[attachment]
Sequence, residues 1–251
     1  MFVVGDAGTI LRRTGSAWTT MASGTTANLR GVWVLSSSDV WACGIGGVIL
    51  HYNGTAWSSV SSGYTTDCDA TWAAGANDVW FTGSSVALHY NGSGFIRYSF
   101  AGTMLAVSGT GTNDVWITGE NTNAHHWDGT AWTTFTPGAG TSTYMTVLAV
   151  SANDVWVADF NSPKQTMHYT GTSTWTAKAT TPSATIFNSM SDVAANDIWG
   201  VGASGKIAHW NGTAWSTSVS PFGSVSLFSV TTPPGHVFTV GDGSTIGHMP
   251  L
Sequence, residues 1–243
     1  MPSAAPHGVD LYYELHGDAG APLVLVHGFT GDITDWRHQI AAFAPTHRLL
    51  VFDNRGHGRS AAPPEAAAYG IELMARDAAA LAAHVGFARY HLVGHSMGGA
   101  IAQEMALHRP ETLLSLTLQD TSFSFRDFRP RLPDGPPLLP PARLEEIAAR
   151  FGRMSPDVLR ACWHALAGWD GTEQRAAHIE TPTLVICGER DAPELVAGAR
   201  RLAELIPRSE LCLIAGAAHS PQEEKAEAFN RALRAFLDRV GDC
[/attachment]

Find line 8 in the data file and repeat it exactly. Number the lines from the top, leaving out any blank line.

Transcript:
Sequence, residues 1–243